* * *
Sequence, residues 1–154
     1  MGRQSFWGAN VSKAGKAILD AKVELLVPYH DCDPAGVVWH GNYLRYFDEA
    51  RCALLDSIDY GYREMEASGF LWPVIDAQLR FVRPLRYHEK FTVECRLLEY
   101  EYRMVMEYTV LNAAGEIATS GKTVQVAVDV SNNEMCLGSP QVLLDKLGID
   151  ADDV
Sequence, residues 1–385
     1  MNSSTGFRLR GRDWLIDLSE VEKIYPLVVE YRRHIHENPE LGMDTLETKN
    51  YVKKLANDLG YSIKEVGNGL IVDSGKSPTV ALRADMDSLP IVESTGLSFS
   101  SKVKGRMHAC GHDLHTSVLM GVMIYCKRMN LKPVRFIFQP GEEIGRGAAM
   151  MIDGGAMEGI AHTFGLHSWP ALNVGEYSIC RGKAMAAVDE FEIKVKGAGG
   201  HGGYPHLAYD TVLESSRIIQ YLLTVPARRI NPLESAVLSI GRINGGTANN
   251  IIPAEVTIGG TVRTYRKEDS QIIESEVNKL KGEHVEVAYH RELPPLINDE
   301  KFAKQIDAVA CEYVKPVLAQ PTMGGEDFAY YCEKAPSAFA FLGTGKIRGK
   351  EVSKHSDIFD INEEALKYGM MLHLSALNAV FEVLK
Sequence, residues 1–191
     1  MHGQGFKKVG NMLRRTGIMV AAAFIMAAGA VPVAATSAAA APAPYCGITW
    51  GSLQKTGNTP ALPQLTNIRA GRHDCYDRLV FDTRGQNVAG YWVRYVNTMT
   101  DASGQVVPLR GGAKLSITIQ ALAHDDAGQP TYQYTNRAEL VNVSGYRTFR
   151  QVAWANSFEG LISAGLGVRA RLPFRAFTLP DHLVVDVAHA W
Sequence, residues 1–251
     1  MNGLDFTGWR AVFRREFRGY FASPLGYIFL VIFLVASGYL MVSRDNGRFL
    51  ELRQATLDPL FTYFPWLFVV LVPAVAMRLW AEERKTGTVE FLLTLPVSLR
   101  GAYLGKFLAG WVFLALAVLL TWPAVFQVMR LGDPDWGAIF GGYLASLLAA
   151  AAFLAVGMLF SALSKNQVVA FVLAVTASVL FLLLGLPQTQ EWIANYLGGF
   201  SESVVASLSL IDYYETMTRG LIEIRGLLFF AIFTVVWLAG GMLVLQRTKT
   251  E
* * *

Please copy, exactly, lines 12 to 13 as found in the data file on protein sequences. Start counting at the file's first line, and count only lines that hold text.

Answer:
   251  IIPAEVTIGG TVRTYRKEDS QIIESEVNKL KGEHVEVAYH RELPPLINDE
   301  KFAKQIDAVA CEYVKPVLAQ PTMGGEDFAY YCEKAPSAFA FLGTGKIRGK